The devastating consequences of Plasmodium falciparum malaria in pregnancy (MiP) are well documented; these include higher rates of maternal anemia and low birth weight (LBW) babies in areas of stable malaria transmission. In areas of unstable P. falciparum malaria transmission, pregnant women are at increased risk of severe malaria, death and still birth of the fetus. Approximately 11% of neonatal deaths in malaria endemic African countries are due to low birth weight resulting from P. falciparum infections in pregnancy.1
Evidence-Based Interventions for Preventing MIP
In areas of high to moderate malaria transmission, WHO recommends a three-pronged approach to control malaria in pregnancy. This approach includes:
- Administration of IPTp as early as possible in the 2nd trimester and at every scheduled ANC visit thereafter, at least one month apart
- Promotion of use of LLINs throughout and following pregnancy
- Effective case management among pregnant women showing signs and symptoms of malaria
To prevent and control MIP, MCHIP supports WHO’s three-pronged approach on a platform of focused antenatal care, recognizing that the majority of pregnant women will attend one (and often two) antenatal care visits. MCHIP provides global level leadership and country level technical assistance to drive the malaria in pregnancy agenda forward and accelerate MIP programming across countries. At global level, MCHIP has fostered the dialogue among key stakeholders to increase the commitment and support for MIP programming. MCHIP’s global leadership in MIP has extended to regional support working closely with the RBM sub regional networks as well as documenting MIP best practices and lessons learned to help countries scale up MIP programs. At the country level, MCHIP has supported MIP programming in nine countries through a core set of interventions that help to strengthen health systems, build capacity and sustain results—across the continuum of care.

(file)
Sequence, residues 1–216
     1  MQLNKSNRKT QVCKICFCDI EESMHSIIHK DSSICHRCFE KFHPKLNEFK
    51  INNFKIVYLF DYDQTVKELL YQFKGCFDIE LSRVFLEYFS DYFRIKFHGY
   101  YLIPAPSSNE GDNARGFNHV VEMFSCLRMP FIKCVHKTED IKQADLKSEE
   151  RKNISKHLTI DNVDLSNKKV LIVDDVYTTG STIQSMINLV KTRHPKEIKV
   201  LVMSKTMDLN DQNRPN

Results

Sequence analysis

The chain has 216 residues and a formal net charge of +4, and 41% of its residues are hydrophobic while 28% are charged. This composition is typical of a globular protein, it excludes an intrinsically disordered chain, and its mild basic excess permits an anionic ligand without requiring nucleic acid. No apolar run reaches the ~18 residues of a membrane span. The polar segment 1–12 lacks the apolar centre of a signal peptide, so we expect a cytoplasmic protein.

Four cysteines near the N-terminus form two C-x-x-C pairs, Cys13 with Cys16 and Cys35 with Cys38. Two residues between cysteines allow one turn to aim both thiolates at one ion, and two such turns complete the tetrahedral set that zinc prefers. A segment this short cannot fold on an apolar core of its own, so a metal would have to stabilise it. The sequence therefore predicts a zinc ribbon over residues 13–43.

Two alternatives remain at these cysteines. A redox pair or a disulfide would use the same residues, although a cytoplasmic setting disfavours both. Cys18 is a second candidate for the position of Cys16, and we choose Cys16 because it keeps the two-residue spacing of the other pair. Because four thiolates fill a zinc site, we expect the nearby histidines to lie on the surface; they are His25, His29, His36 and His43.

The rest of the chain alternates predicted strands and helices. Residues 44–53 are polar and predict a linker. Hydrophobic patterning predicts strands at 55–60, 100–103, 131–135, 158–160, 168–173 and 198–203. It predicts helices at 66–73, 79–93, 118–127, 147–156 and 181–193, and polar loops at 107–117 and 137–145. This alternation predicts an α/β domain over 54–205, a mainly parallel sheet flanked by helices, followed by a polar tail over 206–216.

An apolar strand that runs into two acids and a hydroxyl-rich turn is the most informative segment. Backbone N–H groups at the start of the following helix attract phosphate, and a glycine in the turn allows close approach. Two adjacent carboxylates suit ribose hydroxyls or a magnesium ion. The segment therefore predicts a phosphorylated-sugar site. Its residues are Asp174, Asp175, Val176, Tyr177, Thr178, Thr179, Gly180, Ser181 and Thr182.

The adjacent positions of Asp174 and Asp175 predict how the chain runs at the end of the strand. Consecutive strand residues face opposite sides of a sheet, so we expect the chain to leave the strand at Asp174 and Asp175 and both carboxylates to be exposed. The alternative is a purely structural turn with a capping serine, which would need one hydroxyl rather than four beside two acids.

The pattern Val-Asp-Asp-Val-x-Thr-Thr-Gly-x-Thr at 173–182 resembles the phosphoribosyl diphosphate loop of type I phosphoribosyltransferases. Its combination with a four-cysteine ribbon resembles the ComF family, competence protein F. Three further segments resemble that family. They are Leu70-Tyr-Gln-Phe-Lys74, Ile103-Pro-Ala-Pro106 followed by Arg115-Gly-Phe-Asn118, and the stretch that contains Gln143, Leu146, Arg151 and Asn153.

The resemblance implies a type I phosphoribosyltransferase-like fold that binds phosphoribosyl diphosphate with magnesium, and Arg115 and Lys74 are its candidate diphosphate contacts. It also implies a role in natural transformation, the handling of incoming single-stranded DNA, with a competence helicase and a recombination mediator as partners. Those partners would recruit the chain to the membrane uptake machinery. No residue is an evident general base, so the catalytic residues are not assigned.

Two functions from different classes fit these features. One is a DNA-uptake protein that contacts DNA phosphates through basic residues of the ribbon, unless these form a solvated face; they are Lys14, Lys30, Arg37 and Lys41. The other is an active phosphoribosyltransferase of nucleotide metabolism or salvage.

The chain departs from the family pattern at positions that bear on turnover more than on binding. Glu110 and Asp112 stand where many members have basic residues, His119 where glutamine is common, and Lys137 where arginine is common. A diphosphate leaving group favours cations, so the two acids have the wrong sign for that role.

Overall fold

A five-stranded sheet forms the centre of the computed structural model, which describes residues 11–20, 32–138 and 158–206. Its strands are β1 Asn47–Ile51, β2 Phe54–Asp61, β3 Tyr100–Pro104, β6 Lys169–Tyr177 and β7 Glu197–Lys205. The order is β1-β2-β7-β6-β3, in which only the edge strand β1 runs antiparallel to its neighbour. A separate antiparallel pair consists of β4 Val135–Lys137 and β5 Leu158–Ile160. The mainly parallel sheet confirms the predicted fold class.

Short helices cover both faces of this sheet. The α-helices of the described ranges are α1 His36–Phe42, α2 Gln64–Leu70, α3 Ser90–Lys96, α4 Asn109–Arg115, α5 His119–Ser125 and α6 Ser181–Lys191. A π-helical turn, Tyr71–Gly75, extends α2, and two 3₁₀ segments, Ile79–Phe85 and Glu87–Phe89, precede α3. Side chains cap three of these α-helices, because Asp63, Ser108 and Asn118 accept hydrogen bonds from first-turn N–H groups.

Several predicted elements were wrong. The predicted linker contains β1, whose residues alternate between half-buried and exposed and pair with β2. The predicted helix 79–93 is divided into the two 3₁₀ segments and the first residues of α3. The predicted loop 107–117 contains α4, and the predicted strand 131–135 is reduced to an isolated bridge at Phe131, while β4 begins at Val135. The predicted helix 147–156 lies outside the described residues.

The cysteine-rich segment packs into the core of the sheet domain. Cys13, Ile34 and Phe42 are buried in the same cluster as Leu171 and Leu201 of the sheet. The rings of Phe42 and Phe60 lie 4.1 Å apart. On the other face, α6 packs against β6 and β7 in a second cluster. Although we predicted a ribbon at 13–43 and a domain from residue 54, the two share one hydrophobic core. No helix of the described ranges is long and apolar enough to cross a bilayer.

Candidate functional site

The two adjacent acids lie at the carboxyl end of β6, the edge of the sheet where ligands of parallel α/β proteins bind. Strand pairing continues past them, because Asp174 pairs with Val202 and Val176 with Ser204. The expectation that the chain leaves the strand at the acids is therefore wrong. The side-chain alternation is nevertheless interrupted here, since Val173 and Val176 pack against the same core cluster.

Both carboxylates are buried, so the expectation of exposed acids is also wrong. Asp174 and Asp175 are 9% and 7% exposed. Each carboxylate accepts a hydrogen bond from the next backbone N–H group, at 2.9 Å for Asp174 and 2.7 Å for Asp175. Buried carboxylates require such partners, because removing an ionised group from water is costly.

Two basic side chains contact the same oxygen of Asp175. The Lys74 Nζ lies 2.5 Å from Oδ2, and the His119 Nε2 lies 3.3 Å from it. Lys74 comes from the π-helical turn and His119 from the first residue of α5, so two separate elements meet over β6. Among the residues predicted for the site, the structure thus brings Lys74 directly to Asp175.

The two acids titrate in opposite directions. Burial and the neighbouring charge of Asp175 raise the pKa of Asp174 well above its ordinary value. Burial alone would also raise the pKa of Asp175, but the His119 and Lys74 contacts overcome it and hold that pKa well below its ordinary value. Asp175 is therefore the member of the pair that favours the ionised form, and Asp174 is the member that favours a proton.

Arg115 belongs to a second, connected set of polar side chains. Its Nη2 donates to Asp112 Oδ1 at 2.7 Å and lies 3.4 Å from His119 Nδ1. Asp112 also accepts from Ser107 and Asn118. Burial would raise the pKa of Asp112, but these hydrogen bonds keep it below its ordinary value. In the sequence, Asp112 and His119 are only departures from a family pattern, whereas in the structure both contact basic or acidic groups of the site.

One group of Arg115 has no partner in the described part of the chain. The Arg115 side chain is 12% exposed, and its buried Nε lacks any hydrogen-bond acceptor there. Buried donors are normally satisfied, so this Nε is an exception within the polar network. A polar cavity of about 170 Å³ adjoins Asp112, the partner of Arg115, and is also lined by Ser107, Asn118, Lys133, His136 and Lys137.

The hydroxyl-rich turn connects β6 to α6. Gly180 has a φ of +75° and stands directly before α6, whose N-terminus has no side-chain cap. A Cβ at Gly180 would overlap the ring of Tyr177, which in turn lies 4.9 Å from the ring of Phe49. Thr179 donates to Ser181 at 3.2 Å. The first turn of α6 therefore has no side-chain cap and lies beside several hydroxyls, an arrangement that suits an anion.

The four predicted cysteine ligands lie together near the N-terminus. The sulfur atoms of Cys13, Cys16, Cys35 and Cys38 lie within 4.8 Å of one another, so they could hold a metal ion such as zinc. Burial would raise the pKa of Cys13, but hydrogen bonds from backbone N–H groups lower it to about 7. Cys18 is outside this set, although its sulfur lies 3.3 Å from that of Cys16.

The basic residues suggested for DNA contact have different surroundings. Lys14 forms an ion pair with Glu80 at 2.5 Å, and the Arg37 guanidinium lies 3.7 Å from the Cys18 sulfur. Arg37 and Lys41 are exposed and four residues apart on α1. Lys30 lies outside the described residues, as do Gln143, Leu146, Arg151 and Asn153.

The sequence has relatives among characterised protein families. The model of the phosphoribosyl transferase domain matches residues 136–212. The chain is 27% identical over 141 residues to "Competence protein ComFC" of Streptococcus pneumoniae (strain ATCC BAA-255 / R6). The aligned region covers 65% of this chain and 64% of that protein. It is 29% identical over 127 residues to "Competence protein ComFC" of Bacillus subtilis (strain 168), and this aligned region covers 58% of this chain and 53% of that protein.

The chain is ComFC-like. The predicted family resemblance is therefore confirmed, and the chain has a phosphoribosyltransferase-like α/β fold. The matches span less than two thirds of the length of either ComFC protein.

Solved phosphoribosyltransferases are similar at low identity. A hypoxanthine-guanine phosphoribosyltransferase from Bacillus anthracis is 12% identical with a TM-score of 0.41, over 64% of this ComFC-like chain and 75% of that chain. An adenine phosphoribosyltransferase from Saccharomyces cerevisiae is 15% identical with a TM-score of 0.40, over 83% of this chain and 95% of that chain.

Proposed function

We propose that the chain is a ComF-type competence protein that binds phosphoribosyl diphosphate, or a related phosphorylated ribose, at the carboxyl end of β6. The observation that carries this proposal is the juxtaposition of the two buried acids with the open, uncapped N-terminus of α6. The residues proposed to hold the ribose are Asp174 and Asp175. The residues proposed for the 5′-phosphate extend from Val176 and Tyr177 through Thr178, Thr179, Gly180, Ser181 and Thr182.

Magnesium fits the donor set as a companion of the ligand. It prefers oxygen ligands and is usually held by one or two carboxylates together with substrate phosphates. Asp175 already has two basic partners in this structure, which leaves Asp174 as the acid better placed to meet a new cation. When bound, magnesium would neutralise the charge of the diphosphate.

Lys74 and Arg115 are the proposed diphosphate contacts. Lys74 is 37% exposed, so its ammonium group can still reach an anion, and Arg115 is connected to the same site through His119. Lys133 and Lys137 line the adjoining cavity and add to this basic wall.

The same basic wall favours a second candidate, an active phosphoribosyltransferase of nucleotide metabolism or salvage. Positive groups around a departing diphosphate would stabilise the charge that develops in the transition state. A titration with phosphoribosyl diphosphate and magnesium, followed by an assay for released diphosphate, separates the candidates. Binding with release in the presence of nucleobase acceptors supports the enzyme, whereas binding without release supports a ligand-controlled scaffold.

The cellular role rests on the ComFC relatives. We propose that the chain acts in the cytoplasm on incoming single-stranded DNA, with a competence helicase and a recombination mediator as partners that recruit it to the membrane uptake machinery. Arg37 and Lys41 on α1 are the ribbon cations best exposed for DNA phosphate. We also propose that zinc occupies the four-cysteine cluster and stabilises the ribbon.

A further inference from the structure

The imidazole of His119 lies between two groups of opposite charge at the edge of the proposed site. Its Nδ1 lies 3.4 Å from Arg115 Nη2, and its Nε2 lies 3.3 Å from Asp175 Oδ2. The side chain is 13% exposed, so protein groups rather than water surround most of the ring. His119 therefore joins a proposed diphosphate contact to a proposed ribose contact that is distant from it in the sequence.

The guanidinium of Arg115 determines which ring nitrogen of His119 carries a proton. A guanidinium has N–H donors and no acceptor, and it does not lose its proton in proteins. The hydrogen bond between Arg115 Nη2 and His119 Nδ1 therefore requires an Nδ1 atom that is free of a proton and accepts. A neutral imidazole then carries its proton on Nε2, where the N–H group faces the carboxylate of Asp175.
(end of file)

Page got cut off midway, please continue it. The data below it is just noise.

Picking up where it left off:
Key activities include:
a) Fostering partnerships among national Reproductive Health and Malaria Control Programs as well as national HIV/AIDS Programs;
b) Updating and disseminating MIP policies;
c) Developing and disseminating national standards and guidelines;
d) Developing training, supervision and quality improvement materials;
e) Strengthening pre-service education and in-service training;
f) Increasing community engagement and awareness;
g) Improving services through quality improvement processes; and
h) Establishing monitoring and evaluation systems.
- Documentation of best practices and lessons learned in MIP programming led to wider recognition at country and global level of not only what is working but also what bottlenecks remain that need to be addressed. The documentation is informing program planning and prioritization for support across countries. (To learn more, read the Successes and Challenges for Malaria in Pregnancy Programming: A Three-Country Analysis.)
- Review of MIP-related policies, guidelines, training and supervision materials in 19 PMI focus countries (Angola, Benin, DRC, Ethiopia, Ghana, Guinea, Kenya, Liberia, Mali, Madagascar, Mozambique, Malawi, Nigeria, Rwanda, Senegal, Tanzania, Uganda, Zambia and Zimbabwe) was done to understand what countries are promoting as MIP guidance to service providers. The review is a useful tool that provides specific recommendations to assist countries with the process of revising and adapting their policies, guidelines and resources for consistency with current WHO guidance. (To learn more, read the Review of National-Level Malaria in Pregnancy Documents in 19 PMI Focus Countries.)
- In Kenya, MCHIP provided technical assistance to the Ministry of Health to bridge the link between communities and facilities; specifically, training community health workers to sensitize pregnant women to the importance of IPTp uptake and ITN use. This resulted in CHWs reaching nearly 50% of pregnant women in catchment who had not started attending ANC services.
- In Rwanda, MCHIP supported a study determine the current prevalence of detectable malaria among pregnant mothers using data from their first ANC visit in Rwanda. Due to low rates of malaria in pregnancy prevalence, which ranged between 1.6% and 5.6%, Rwanda is now reviewing its malaria policy to introduce intermittent screening and treatment.
To see all of MCHIP’s MIP related resources, click here.
1 The study team recognizes that no test is 100% reliable in detecting malaria.